Coronavirus Covid 19: Fijian government directive on mandatory vaccines for worker shocks raises constitutional questions
Fijian officials have been told they will be sacked if they are not fully vaccinated by November 1, 2021. Photo / Supplied
By Poux Movono, RNZ
New regulations requiring all workers in Fiji to be vaccinated against Covid-19 have shocked many in the country – less than a week after the government announced otherwise.
Prime Minister Frank Bainimarama on Thursday revealed tough new rules to encourage people to get vaccinated against the coronavirus.
Fijian officials have been told they will be sacked if they are not fully vaccinated by November 1 of this year.
Ana, a senior official, said the new directive looked like rape – given that she, like other officials – was informed by a media statement made by Attorney General Aiyaz Sayed-Khaiyum last week that “c it is always everyone’s constitutional right to choose whether or not to be vaccinated.
“I feel like it’s rape in a way because I was given a choice. As far as my body is concerned, I have been informed that this is what the vaccine does. to get that choice removed, and you know, by someone who says you’re a fool to know the signs and yet you’re still not vaccinated, “she said.
“I am not an anti-vaccine. I am not against vaccination and I have had all of my vaccines for all other diseases.
“But when I heard about the vaccine, when it was first introduced as a Covid-19 protocol to get vaccinated, at first I was just worried because there wasn’t a lot of data. on this subject.”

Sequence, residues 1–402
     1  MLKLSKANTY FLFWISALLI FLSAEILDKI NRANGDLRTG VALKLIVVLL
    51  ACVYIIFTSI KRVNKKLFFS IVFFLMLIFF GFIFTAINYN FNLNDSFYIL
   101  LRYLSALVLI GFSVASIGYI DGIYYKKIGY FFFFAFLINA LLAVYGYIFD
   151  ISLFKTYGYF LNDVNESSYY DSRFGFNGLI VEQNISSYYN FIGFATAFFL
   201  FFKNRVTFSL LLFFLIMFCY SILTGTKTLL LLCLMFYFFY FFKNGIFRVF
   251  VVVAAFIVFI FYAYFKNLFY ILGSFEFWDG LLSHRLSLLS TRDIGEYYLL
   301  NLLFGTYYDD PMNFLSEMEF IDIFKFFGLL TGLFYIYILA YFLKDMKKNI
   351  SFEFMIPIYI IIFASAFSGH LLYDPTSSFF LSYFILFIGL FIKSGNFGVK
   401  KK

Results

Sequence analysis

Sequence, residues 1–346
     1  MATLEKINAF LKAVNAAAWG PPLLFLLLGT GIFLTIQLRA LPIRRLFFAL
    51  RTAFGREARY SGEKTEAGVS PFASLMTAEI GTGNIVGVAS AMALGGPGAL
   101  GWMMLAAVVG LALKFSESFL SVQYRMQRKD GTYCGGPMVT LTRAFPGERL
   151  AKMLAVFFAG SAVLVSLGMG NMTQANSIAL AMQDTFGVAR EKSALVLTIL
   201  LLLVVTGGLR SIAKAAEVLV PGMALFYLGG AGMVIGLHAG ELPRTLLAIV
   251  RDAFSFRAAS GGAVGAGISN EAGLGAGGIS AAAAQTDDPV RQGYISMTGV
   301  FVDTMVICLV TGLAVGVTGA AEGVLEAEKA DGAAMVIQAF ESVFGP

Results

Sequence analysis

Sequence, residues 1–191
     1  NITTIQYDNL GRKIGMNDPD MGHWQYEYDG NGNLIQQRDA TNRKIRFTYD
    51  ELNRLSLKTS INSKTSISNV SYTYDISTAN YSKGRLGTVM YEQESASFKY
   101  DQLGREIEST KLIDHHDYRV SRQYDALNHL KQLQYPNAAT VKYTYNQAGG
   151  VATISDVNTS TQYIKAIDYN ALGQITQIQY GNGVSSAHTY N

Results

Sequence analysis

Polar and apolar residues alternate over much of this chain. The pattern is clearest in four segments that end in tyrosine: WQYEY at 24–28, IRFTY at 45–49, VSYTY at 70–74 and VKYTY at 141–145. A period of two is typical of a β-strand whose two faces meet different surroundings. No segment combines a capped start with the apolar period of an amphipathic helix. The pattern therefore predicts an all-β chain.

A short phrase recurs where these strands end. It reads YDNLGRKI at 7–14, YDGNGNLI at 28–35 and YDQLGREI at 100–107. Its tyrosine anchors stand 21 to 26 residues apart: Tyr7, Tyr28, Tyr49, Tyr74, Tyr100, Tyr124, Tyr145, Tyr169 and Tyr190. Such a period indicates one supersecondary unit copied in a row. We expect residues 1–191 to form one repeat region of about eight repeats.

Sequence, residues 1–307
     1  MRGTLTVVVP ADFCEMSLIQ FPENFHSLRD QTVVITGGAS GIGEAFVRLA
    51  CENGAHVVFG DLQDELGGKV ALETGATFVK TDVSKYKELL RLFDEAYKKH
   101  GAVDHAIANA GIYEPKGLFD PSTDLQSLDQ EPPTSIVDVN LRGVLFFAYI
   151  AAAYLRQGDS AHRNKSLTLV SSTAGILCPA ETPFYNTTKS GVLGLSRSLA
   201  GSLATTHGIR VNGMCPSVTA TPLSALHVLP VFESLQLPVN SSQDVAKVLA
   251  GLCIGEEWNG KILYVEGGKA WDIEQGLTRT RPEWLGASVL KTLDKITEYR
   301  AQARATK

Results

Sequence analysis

Ana said she used her teaching skills, learned in Australia and New Zealand, to assess the risks of taking the vaccine and decided she wanted more time to decide if she was ready to take them.
While she has no doubts about the methodology used to bring the AstraZeneca vaccine to distribution, Ana said she wants due process to inform her choice.
But with three dependent children, Ana doesn’t think she has a choice and says her job was her life.
“At this point, I know that with this type of vaccine, over the years and as the statistics improve or more and more people are vaccinated, our data will really improve.
“Maybe they will improve the vaccine itself and get a better vaccine which will be more effective and may mean that it is more effective, but with less risk.
“So although I know there is a very small, very small chance of getting it (blood clot), it just wasn’t reassuring to me.
“They took the choice away from me at all, I just don’t have a choice. Now I have to get the shot.
“Even with that doubt in my head, I know I’ve read all the statistics on this, is that there’s a very, very rare risk that could happen. But it’s still a risk. “